One is to watch over your pot of milk warming on the stove, stirring occassionally and checking the temperature every few minutes until you get to 180 degrees F.  This takes a good half hour at least, at medium-low heat, and makes yogurt-making seem like a long and daunting task.011908 003

The other is to put the pot of milk on the stove, turn the heat to medium-low, then go check email, Facebook, blogs, etc. until you have a need to go into the kitchen.  Then gasp! realize you had milk heating on the stove, panic and quickly check its temperature.  See that it’s gotten to 200 degrees but isn’t scalded or boiling yet, and hope that the higher temperature doesn’t ruin the final result…Let the milk cool to the required 110 degrees, setting the timer to check on it in five minutes.  At that point it’s nowhere near cooled enough so go back to the computer, forgetting to re-set the timer, until you need to go back into the kitchen.  Oops!  Remember the cooling milk again and check its temp.  Lo and behold!  You’re in luck because it’s exactly 110 degrees.  Proceed to stir in your 1/2 cup of yogurt, stick the lid on the jar and put it in its warm place to incubate for eight hours.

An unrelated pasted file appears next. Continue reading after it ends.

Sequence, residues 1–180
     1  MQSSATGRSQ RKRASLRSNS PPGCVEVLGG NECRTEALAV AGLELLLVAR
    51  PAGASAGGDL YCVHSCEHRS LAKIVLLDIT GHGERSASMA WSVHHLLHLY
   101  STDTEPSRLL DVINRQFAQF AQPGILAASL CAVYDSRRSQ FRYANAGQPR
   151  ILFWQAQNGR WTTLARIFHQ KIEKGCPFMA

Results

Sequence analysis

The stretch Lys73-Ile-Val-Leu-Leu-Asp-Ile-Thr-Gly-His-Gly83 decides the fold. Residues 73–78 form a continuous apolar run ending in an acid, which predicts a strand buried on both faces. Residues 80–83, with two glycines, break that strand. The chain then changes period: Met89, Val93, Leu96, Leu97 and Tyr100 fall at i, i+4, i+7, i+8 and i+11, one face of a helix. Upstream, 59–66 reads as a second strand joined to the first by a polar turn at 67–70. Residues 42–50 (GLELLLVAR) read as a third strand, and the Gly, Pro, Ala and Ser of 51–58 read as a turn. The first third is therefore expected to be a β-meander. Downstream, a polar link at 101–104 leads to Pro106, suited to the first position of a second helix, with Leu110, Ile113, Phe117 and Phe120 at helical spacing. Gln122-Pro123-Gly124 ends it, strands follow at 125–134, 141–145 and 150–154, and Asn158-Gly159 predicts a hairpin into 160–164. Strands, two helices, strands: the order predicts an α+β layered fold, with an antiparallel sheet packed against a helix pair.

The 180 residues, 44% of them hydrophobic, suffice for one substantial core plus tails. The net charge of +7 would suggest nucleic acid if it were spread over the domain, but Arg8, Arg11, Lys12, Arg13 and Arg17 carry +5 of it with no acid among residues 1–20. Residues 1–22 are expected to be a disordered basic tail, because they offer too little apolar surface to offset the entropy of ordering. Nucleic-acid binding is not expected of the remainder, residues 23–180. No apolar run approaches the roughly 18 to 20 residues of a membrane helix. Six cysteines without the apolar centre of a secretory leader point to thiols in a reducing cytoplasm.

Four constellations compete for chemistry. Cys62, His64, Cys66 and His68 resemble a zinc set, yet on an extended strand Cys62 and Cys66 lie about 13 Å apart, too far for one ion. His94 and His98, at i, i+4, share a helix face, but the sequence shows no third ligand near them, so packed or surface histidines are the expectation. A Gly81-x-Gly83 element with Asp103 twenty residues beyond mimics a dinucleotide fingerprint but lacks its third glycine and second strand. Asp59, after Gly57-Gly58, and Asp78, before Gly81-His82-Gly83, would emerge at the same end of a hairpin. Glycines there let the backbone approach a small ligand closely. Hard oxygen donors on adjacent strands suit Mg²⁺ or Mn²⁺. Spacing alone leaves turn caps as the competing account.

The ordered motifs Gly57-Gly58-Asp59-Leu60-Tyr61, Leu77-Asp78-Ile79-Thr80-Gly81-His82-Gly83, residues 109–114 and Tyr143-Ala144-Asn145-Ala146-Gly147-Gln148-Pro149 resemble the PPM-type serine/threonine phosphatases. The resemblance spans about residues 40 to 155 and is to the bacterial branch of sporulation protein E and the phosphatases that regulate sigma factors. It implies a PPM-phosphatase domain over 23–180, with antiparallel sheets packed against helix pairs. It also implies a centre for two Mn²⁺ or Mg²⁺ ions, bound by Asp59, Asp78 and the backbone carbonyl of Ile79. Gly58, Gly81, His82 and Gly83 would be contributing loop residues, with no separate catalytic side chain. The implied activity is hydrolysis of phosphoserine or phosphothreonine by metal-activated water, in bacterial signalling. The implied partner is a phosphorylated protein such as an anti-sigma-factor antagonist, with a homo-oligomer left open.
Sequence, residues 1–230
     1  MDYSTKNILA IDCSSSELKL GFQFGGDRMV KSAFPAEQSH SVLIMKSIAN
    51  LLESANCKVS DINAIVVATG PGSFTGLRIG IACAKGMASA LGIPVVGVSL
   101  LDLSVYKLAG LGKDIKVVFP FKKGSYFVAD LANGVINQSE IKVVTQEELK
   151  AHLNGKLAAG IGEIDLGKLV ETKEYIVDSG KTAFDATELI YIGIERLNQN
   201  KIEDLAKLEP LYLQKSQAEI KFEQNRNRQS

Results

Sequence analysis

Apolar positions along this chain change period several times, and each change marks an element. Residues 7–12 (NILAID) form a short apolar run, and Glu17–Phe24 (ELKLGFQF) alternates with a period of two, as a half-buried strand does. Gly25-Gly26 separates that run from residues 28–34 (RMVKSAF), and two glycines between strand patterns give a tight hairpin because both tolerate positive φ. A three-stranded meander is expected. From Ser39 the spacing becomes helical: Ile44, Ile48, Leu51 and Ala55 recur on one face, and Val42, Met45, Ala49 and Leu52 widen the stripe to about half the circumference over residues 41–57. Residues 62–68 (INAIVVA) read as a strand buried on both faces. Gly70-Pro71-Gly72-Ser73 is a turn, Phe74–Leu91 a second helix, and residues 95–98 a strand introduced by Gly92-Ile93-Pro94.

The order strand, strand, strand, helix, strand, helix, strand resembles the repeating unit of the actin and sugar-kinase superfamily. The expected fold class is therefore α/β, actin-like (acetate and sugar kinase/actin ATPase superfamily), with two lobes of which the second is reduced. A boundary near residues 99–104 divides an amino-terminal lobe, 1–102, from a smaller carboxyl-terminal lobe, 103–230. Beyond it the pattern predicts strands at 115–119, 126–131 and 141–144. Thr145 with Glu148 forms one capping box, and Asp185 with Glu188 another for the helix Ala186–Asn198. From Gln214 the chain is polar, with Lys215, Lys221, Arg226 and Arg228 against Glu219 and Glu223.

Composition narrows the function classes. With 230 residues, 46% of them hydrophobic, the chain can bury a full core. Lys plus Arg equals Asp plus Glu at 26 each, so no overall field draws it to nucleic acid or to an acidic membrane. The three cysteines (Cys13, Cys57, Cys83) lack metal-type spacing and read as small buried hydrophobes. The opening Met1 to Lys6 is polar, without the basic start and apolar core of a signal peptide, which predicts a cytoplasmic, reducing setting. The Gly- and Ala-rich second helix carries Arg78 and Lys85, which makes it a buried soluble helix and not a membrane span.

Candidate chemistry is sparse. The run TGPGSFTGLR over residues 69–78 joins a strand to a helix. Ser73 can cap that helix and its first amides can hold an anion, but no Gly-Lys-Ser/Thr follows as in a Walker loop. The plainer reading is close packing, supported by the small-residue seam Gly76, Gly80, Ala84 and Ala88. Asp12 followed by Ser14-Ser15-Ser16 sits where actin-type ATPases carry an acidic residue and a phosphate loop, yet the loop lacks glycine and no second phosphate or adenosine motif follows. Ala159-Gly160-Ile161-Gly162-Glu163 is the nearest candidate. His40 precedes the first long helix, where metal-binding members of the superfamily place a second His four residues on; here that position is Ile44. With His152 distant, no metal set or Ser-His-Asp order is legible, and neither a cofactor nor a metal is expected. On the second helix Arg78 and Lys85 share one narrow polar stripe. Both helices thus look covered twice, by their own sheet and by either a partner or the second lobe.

I’m sure there are more than two ways, but those are the two I’ve tried.  This latest batch, done in method number two, seems a little more sour and curdled than usual, but it set up and with just a little more maple syrup than usual it should taste fine.

I have a yogurt-making tutorial on my older blog The Zahn Zone and if you just click here you’ll find out more about my method.